In the latest milestone of China’s embrace of a market economy, the Communist Party announced a much-anticipated land reform plan this past Sunday. Under the current system, all rural land is communally owned by village collectives controlled by local Communist Party officials, and plots are parceled out to farmers through 30-year land-use contracts. With the new policy, for the first time, farmers will be able to subcontract, lease, and transfer these land-use rights. Though stopping short of outright privatization, the reform will allow farmers, who make up more than 55% of China’s total population, to use land as collateral to secure loans, invest in irrigation, expand plot sizes to create larger, more efficient farms, and otherwise boost agricultural productivity.
The new changes, aimed at narrowing the growing gap between urban rich and rural poor, are expected to improve rural living standards. President Hu Jintao and other party leaders pledged to double disposable income by 2020 for China’s 700 to 800 million farmers – who currently earn less than $600 a year on average. By better protecting property rights, the reforms could also help reduce the social tensions and riots that have resulted from corruption within the present system, with property developers conspiring with local officials to illegally seize farmland in exchange for little to no compensation. Of the tens of thousands of rural protests that occur in China annually, nearly half relate to land grabs.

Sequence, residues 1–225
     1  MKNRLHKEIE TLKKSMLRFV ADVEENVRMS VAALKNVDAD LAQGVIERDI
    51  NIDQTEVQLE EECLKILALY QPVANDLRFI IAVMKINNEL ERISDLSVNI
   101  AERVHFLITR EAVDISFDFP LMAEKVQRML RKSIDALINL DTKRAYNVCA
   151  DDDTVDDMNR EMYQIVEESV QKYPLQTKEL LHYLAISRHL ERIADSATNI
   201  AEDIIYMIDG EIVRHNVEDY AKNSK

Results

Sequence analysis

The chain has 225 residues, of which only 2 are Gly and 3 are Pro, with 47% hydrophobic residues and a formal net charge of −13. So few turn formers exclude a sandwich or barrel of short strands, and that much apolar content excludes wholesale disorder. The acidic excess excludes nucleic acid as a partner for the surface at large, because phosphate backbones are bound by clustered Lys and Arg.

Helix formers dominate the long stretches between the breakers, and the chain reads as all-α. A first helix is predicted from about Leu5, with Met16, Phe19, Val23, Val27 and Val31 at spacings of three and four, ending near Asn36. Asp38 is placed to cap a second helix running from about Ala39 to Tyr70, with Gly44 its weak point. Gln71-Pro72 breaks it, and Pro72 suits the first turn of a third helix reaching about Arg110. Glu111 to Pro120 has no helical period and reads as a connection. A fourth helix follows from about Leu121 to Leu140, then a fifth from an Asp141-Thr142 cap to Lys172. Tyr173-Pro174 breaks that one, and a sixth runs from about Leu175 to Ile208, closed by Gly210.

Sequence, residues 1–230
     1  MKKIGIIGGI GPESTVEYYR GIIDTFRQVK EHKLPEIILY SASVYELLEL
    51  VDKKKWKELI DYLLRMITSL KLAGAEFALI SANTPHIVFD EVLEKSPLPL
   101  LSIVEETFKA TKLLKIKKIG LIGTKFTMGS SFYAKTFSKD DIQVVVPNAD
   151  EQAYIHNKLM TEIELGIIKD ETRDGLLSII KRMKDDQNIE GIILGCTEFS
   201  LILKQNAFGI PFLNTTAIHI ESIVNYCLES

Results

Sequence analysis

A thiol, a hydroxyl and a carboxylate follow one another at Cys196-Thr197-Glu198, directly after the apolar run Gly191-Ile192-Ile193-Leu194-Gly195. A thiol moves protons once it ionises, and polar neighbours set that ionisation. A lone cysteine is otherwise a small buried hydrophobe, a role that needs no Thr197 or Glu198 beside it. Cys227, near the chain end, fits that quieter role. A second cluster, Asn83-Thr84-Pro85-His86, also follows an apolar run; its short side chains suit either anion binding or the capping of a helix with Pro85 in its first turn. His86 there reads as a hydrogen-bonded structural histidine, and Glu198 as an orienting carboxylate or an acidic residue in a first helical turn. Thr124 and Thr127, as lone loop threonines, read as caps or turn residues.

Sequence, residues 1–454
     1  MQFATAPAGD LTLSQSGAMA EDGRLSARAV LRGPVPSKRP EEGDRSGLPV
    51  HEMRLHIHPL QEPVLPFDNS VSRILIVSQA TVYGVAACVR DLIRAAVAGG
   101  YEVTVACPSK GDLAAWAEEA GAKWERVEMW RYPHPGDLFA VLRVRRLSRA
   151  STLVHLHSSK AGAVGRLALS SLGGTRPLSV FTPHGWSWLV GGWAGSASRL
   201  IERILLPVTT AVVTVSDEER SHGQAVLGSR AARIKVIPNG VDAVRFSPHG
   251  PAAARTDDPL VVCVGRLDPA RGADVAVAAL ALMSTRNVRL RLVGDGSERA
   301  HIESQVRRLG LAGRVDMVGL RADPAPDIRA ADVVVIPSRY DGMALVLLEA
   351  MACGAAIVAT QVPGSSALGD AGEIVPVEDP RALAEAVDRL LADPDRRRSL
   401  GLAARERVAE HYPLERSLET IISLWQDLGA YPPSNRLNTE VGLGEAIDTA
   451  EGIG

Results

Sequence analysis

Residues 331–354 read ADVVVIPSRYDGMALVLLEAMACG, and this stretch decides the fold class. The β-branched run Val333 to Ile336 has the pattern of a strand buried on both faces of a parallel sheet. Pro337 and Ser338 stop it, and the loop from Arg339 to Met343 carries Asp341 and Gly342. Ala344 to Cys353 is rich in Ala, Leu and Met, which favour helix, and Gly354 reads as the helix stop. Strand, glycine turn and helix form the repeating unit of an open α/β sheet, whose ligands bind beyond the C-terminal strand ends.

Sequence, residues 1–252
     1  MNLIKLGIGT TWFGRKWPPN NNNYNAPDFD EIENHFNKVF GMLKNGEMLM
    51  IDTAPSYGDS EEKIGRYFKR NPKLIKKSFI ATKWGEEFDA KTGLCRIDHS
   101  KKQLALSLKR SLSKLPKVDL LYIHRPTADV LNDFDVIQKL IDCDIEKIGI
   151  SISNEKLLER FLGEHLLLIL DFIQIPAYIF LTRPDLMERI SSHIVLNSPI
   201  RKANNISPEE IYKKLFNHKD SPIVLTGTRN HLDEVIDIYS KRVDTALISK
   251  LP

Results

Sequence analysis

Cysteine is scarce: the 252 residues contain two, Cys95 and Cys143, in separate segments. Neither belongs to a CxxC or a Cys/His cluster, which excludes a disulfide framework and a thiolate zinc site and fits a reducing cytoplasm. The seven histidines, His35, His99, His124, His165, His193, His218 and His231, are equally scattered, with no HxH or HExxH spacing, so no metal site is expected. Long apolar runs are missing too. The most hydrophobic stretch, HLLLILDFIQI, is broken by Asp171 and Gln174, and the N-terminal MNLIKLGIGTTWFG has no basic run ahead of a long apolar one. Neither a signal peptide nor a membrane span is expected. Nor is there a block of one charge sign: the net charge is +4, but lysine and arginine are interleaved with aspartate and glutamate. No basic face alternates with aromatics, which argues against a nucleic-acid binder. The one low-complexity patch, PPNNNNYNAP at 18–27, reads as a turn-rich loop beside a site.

A Chinese entrepreneur reacted with skepticism on the New York Times blog: “The new legislation was intended to give the land to individual peasants, but given the workings of the Chinese government, it will most likely take many “chops” and red tape before a peasant is allowed to do what he wants on the land. Each chop will have a price on it. The law might have just given corrupt officials a series of good excuses to take bribes. It is good that the legislation is moving toward privatizing land-use rights, but I am rather doubtful whether it will work out as the government had envisioned. Most Chinese regulations get terribly distorted in the process of execution.”
The official mouthpiece of the Communist Party, Xinhua News Service, acknowledged that critics “have argued that the new policy might create a few landlords and many landless farmers who will have no means for a living.” To ease such fears, the government is promising a “stringent farmland protection system” and urging local officials to impose strict limits on development.
In 2002, WIDE ANGLE’s To Have and Have Not introduced viewers to the winners and the losers of China’s economic miracle, from nouveaux riches businessmen in Beijing to rural farmers in Sichuan Province.